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Black History Month Celebration Explores Princeton's Past

On Monday night, the PDS community gathered in the Campus Center to celebrate Black History Month. The well-attended event featured an excellent program with participation from students in all three Divisions, faculty and special guests. US teacher and Community Multicultural Development Team leader Anthony McKinley offered opening remarks, while US teacher and CMDT colleague Caroline Lee offered a deeply personal essay entitled, “Why Black History Matters to an Asian American Woman.” 

Zoe Rivera '20 and Joshua Colon '21, co-heads of the Black Latinx Student Union, helped plan the event and introduced the Upper School students, who shared original poems, personal narratives and other readings. Ahzaria Silas '20, Adayliah Ley '20, Fechi Inyama '20, Aidai Njanja Fassu '20, Andre Williams '22 and Jacques Hughes '21 together offered a range of perspectives about the black experience and the history of race in America. A group of Lower School students performed “Sing About Martin”, an echo song that highlights social goals Dr. Martin Luther King, Jr., championed. 

Lower School students performing the song "Sing About Martin."

Representing the Middle School, Mikala Blakes '24, Kingsley Hughes '24, and Lea-Jade Richards '24 shared a video of interviews they conducted with students and faculty. Inspired by the 1963 March on Washington for Jobs and Freedom, they asked PDS community members, “Is there something that you would march for or against?” 

Keynote speaker Kathryn "Kitsi" Watterson is an author and professor of English at the University of Pennsylvania. Watterson spoke about her participation in the civil rights movement as a researcher and journalist. She also recounted that when she was lecturing at Princeton University, 14 of her students set out to interview people in the neighborhood as part of her course, ‘Finding Voice: Perspectives on Race and Class.’ Watterson's published history of the African American community in Princeton, I Hear My People Singing: Voices of African American Princeton, began to take shape founded on those personal interviews, she explained.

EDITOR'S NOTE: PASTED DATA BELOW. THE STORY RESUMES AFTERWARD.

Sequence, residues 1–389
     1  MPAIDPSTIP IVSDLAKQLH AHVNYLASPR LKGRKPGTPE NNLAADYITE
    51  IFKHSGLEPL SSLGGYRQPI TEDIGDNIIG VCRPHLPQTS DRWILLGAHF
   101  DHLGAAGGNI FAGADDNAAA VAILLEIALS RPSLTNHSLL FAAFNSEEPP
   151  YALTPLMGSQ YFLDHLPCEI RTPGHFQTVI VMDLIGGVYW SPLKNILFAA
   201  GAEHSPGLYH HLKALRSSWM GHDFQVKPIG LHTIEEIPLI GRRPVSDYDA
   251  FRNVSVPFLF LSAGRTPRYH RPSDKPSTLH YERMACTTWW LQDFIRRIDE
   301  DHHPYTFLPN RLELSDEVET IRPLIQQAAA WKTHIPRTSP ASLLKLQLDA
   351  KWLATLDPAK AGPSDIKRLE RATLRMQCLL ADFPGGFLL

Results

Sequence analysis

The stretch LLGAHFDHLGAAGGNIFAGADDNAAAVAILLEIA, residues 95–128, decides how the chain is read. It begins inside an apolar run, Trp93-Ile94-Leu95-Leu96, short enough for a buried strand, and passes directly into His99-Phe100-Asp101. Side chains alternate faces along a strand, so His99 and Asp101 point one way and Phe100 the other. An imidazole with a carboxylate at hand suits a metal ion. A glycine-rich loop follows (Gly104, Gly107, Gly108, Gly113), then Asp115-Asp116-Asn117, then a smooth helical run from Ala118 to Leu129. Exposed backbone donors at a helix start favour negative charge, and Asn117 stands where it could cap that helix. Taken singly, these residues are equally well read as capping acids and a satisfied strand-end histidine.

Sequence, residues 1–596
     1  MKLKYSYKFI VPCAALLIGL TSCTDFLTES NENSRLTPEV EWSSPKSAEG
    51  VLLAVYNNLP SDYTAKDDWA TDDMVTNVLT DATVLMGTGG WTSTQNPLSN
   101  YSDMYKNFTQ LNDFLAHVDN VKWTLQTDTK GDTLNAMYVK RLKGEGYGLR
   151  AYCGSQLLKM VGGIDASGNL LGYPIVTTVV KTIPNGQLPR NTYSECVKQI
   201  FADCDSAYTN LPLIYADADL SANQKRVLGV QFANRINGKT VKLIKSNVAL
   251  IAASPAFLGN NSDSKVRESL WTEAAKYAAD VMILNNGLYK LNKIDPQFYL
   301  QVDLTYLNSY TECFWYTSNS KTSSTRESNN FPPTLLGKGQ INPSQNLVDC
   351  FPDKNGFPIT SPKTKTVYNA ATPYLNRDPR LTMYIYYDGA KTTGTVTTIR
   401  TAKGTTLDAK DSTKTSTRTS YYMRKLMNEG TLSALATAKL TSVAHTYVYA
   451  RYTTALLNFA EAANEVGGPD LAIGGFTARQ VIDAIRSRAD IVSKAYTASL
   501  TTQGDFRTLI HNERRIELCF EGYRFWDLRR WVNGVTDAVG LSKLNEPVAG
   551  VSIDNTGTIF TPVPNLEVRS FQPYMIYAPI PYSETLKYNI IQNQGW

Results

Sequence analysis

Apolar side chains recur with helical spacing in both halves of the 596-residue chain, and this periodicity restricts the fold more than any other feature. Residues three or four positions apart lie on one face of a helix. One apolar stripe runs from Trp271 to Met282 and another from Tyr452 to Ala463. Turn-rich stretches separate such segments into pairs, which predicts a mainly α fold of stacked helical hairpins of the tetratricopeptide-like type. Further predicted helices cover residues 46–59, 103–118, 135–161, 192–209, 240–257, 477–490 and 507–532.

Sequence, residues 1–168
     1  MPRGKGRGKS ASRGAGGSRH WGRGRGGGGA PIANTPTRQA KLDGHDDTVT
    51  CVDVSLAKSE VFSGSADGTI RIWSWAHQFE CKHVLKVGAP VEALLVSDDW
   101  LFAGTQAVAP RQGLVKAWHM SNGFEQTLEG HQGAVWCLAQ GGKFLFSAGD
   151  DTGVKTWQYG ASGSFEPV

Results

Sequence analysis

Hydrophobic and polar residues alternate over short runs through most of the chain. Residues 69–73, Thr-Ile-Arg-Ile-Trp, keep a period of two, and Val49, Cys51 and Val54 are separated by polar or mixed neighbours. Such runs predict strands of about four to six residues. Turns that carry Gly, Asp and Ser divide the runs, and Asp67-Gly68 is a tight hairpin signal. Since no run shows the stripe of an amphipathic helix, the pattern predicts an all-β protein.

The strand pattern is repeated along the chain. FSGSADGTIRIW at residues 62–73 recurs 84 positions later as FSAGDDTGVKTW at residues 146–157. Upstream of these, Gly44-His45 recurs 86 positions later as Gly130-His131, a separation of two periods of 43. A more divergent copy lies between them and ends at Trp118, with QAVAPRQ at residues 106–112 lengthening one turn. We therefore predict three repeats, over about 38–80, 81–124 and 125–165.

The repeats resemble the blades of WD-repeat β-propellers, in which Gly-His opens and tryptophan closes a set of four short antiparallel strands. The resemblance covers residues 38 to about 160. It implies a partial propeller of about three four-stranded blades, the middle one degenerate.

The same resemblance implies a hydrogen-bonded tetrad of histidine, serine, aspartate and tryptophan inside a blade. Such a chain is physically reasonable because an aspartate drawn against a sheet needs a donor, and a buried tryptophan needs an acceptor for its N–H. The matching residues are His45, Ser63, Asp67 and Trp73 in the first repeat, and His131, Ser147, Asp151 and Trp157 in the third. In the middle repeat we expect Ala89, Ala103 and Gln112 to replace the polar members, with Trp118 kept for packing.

The high point of the evening featured three local residents whose family stories are chronicled in the book. Lamont Fletcher, Sharon Campbell and Penney Edwards-Carter read excerpts from the books and spoke about their families' experiences.

From left to right: Kathryn "Kitsi" Watterson, Penelope "Penney" Edwards-Carter, Anthony McKinley, Joshua Colon '21, Zoe Rivera '20, Sharon Campbell, Lamont Fletcher.

Mr. Fletcher, born in 1942 and a longtime former kindergarten teacher at the Johnson Park School, was one of the residents originally interviewed for the book. “Growing up in Princeton, we never really talked about slavery in our family. I didn't realize how close I was to it,” he shared. After discovering that his grandfather, who had lived with them for a while, was born around 1865, Mr. Fletcher journeyed to his grandfather's hometown in Virginia to investigate his roots. “Lo and behold I got to the year of 1865 where it had a list of Fletchers. The surprising thing to me was that the only names in the ledger that included first names were those of the white people on the registry. The blacks were listed as 'Fletcher, slave. Fletcher, young boy. Fletcher, girl.' But never the first name,” he recalled. He realized his grandfather and his grandfather's family were surely among those named, but it was impossible to identify them precisely from the long list of Fletchers. “The closeness of slavery in my family makes it that much more real to me. I'm part of that,” he declared.